inside your forearm, between your first and second toe —
Yes, there are tender places where we have all been spared of callouses
from walking too far, too late at night with people who wanted too much from us.
We are young in all the same parts —
our palms are still pink as the sidewalk chalk we used to spell our names backwards with
And there were once days we didn’t mind so much the backwards —
when you still believed that if you cut a doll’s hair, it would grow back
that if you ate too many sunflower seeds, they would blossom in your belly.
That was before everyone started asking each other
“What do you want to be when you grow up?”
Who says we ever stop growing?
And why must we be something besides what we are now?
I’ve come to the conclusion that my best days are reincarnations of my childhood.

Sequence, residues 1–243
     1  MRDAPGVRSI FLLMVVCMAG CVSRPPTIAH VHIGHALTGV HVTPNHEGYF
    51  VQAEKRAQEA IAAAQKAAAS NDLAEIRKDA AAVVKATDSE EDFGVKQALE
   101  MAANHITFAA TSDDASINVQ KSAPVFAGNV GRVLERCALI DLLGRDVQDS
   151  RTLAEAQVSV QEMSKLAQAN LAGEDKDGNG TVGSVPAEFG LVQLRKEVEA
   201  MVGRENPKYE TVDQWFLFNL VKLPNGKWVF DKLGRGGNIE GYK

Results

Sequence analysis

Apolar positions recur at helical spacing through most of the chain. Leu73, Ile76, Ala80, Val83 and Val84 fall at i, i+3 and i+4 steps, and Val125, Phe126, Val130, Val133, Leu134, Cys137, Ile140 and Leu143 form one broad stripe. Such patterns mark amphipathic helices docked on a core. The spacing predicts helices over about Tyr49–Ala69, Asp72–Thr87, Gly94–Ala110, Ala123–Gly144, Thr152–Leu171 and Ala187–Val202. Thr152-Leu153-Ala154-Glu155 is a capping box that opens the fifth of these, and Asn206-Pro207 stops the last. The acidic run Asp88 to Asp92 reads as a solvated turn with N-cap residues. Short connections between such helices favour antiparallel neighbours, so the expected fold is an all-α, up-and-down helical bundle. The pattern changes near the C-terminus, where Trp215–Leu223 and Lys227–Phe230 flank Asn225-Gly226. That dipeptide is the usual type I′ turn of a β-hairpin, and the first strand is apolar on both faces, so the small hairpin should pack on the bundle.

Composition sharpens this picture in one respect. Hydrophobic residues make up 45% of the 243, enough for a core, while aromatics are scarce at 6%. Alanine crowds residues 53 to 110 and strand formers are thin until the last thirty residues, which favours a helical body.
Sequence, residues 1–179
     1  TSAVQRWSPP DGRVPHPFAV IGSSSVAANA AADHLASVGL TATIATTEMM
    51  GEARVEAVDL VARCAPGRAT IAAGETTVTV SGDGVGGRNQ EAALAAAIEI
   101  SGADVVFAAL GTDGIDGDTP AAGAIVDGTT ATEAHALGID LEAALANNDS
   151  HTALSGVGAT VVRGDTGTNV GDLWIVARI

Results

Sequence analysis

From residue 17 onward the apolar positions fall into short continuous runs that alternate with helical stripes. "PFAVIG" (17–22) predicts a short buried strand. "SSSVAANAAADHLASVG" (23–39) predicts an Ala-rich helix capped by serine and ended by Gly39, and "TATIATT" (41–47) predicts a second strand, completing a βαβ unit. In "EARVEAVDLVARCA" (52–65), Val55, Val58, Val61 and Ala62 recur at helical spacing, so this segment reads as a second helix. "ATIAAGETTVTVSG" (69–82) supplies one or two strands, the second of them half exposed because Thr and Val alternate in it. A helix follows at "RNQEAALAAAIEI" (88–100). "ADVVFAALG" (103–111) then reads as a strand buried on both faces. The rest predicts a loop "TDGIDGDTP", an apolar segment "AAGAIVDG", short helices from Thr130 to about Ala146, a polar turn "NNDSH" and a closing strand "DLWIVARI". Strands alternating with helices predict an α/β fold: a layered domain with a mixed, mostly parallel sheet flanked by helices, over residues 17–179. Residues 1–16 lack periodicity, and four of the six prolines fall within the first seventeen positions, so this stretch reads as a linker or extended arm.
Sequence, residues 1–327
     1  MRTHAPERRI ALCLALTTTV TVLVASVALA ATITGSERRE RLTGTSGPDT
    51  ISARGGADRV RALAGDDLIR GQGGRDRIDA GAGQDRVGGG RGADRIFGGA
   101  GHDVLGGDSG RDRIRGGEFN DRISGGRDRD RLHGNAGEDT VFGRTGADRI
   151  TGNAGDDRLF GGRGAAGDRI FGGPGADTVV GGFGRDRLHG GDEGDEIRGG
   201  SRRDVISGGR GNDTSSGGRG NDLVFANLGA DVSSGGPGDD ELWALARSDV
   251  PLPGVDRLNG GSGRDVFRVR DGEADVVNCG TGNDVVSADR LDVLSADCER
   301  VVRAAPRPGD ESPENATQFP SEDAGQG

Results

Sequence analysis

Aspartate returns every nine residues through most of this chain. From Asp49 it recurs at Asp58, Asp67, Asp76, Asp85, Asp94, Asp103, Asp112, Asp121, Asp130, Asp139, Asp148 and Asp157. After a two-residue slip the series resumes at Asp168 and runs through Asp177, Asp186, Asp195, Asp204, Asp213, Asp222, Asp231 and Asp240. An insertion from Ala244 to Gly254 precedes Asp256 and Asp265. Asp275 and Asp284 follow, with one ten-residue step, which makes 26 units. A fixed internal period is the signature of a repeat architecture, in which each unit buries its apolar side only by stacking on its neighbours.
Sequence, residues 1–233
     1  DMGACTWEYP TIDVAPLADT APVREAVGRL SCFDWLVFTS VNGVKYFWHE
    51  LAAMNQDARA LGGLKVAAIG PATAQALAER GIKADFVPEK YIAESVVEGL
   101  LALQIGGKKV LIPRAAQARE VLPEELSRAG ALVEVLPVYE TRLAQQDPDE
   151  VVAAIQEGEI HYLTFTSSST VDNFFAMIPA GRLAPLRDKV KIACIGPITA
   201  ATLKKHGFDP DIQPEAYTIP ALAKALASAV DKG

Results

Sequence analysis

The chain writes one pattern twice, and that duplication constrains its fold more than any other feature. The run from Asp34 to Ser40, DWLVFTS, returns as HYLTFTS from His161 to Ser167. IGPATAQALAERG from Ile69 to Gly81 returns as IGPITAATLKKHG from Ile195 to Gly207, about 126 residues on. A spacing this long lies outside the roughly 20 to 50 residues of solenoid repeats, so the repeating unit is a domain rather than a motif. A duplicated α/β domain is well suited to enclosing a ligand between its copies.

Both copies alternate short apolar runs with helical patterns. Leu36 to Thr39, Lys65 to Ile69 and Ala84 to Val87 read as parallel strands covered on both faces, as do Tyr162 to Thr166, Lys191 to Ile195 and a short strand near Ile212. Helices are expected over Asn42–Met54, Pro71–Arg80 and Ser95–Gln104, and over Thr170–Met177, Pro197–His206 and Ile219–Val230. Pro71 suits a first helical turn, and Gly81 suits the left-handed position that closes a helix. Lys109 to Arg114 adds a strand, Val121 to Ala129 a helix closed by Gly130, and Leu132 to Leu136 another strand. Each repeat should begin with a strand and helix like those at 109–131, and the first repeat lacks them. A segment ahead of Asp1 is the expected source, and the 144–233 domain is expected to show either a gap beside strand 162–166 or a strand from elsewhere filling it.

When I decided I wanted to be a teacher, waitress, professional sumo wrestler
and President of the United States between the beginning and end of recess.
When I was forgetful enough never to run out of first times.
And there are second chances everywhere, so there will always be first times.
you cradle my skin in your palms
as rivers rich in oil run through them.
gold mines lodged between every finger
a crevice of silver seeping through my hair,
we have never felt so wealthy as tonight.
so willing to drown between the strands,
you climb the tightrope of body with kisses
for i have harvested many a knot
tangled in my stomach
split ends halving my backbone.
yet you unravel the maze of heavy
place my beginning before end
and everything else in order, single file
i know this for when we are done,
i am a straight line.
tonight, you have sucked out all the poetry
long clogging my arteries.
found an open pore for deep breathing,
how long i have missed the gasp of daylight